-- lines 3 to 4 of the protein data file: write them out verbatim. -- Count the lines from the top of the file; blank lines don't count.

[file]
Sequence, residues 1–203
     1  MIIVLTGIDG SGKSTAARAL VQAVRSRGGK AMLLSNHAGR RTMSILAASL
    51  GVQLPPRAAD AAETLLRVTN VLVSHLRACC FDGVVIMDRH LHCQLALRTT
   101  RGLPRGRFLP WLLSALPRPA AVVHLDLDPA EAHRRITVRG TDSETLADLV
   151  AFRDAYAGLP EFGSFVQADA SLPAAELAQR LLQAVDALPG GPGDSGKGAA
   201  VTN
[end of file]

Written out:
    51  GVQLPPRAAD AAETLLRVTN VLVSHLRACC FDGVVIMDRH LHCQLALRTT
   101  RGLPRGRFLP WLLSALPRPA AVVHLDLDPA EAHRRITVRG TDSETLADLV